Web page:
Here’s some information on that special place in the heart of the Fort Worth Cultural District that we all love to visit: The Renzo Piano design addition to Louis Kahn's Kimbell Art Museum.
How do you design a new building next to a masterpiece?
He answers that question in his critique, by stating that the Renzo Piano addition to Louis Kahn's celebrated Kimbell art museum is “a study in careful deference.” He obviously was impressed as are most who visit the striking Fort Worth modern design art museum addition structure.
Rybczynski also relates a bit of the background history leading up to and including the selection of the Renzo Piano design team to design the much needed and anticipated Kimbell Art Museum addition in the Fort Worth Cultural District.
In 2006, the Kimbell Art Museum in Fort Worth, Texas, approached Renzo Piano to design an addition to Louis Kahn’s masterpiece. Piano, Hon. FAIA, was a logical choice. He had to his credit two Texas museums—the Menil Collection and the Nasher Sculpture Center—that were themselves acknowledged masterpieces. And he had plenty of experience working on expansion projects for respected cultural institutions: the High Museum of Art in Atlanta, the Los Angeles County Museum of Art, the Art Institute of Chicago, and the Isabella Stewart Gardner Museum in Boston. By all accounts, though, Piano was at first reluctant.
A risky commission
Witold goes on to say it was a dicey commission. The first architect who accepted the design commission, Romaldo Giurgola, in 1989, was publicly attacked for his design proposal to replicate Kahn’s design at each end. Asked in a letter to The New York Times; “Why ruin the masterwork of Kahn’s life with such an ill-considered extension?” Cosigners included the famous architects Philip Johnson, Richard Meier, FAIA, Frank Gehry, FAIA, and James Stirling, Hon. FAIA. With that kind of negative publicity, the expansion addition was cancelled, and Giurgola withdrew to Australia.
Kimbell trustees almost cancel design addition
After the letter, the penchant of the Kimbell trustees, smarted by this incident, was to build nothing at all. However in ensuing years, it came to be apparent that the museum functions, collections and popularity had grown too large for its original home: The Kimbell needed gallery space for temporary exhibits, classrooms for its educational programs, a more voluminous library, a larger auditorium, and definitely more parking., The museum eventually acquired land for expansion across the street from its rear entrance, a site that faced the Modern Art Museum of Fort Worth, a location that had the advantage of completely eliminating the addition from the immediate surrounding area of the Kahn building.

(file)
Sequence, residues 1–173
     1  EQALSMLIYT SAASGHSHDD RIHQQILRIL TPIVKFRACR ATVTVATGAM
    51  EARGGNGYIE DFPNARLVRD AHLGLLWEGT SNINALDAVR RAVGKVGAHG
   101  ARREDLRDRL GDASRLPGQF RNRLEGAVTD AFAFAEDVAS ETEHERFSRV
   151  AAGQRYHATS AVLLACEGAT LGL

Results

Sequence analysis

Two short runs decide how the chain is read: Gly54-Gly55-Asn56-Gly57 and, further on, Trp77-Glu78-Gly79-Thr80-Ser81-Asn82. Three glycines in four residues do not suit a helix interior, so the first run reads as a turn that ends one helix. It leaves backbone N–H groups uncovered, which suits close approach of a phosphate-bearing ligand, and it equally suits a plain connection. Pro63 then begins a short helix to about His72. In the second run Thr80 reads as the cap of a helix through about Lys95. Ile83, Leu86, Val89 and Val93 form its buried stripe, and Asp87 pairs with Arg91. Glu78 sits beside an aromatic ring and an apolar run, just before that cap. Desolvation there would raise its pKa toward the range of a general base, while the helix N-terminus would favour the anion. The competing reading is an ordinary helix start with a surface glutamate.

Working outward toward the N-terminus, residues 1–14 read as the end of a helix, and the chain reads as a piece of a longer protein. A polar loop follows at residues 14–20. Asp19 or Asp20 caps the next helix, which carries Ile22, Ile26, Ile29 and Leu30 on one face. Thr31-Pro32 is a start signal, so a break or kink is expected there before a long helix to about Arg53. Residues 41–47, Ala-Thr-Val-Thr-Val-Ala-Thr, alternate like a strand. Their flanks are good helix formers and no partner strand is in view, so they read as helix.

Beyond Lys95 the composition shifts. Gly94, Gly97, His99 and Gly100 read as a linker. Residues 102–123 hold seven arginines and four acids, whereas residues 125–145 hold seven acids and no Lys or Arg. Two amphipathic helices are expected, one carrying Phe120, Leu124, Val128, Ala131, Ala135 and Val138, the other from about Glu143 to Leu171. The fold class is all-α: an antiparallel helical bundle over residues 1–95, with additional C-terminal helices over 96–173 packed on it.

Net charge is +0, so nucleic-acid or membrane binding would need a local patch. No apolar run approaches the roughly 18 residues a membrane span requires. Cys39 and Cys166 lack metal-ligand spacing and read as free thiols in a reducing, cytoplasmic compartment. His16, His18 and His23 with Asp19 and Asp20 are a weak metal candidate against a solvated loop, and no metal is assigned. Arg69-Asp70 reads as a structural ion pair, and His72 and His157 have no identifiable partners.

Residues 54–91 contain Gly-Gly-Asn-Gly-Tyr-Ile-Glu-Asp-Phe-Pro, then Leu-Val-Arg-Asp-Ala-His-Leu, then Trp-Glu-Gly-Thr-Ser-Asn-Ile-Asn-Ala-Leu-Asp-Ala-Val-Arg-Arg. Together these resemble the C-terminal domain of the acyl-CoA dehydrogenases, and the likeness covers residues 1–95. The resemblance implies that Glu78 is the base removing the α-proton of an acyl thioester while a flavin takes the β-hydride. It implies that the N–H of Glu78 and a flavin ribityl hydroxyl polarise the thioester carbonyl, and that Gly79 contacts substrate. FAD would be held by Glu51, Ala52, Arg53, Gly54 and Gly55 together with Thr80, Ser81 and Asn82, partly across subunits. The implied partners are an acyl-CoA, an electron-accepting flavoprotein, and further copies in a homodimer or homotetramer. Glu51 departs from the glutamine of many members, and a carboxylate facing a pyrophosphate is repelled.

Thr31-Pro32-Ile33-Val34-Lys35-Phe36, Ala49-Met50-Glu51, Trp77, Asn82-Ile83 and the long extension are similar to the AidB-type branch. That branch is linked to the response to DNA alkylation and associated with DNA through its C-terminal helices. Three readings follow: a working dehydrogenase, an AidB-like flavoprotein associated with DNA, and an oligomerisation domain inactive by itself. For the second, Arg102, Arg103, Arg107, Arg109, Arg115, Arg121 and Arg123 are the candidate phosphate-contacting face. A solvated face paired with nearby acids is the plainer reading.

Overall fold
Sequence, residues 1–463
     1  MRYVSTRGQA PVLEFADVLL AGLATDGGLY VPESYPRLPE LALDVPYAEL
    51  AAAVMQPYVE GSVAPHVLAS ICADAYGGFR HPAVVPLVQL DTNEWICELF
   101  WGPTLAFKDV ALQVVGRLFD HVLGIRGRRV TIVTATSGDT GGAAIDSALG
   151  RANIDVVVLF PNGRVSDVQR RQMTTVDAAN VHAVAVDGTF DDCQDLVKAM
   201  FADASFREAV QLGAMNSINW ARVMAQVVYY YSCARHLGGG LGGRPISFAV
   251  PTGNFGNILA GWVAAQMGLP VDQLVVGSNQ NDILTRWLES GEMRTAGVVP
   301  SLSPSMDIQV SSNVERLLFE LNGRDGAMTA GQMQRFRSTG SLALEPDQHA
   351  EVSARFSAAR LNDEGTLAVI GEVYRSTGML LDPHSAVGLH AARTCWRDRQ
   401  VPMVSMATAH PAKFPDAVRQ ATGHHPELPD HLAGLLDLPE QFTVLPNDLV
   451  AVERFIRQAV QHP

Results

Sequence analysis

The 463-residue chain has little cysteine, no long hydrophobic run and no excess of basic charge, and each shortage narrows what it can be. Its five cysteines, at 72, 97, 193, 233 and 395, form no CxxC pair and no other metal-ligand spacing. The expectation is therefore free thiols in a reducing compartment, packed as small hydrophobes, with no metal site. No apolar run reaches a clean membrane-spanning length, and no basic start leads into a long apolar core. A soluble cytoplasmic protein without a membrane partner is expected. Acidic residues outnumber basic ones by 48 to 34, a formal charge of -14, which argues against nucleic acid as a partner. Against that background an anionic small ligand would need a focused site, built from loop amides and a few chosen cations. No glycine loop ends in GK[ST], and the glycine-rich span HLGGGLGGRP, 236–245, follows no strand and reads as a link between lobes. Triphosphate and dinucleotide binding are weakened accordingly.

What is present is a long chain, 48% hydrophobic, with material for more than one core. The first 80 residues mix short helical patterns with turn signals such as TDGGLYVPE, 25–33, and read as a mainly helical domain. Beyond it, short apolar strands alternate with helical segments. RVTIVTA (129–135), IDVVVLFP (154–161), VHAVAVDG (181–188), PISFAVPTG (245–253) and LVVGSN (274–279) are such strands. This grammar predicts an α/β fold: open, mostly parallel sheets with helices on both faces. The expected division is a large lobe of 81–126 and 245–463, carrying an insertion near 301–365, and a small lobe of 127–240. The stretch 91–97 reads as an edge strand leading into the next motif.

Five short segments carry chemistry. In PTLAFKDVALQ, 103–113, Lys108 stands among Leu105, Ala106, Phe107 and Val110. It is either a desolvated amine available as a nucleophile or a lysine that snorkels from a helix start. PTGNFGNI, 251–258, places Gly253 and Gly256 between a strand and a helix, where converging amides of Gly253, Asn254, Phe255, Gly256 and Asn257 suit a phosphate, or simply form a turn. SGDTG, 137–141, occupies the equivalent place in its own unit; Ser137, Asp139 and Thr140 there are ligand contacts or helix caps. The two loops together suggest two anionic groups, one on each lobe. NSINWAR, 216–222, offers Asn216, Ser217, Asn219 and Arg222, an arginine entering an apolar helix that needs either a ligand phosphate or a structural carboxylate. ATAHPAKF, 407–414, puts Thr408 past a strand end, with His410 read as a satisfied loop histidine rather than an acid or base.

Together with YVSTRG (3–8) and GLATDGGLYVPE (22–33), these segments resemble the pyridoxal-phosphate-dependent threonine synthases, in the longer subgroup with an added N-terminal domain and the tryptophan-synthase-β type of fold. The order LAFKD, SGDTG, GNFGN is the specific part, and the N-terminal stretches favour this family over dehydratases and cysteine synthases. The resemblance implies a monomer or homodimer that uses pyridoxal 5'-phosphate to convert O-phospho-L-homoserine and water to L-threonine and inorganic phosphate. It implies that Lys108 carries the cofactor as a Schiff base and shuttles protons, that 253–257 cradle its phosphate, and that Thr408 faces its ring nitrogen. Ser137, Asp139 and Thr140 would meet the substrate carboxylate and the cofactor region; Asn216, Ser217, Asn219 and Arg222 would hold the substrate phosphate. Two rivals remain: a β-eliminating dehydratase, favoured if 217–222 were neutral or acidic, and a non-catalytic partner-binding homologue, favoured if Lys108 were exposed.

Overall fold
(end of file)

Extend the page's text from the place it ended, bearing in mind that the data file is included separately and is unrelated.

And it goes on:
Piano accepts commission and decision to locate addition on front lawn
Piano eventually accepted the commission, and spent several months working on a preliminary design. As the project developed, however, it soon became clear that the site was simply too disconnected from the museum, both functionally and symbolically. When someone suggested that the lawn facing the front of Kahn’s building might be a better location, Piano immediately endorsed the option.
A low key design solution
Witold partially concludes his critique by adding,
The long, low façade of Piano’s addition exactly mirrors Kahn’s tripartite design—two solid walls flanking a glazed entrance—but the overall effect is much more low key than its celebrated neighbor. There are no curved vaults, no reflecting pools or sparkling waterfalls, no grove of delicate yaupon holly trees as in Kahn’s entry court. Piano yields pride of place to the master.
For Witold’s complete comments see Channeling Kahn: Renzo Piano's Addition to the Kimbell Art Museum.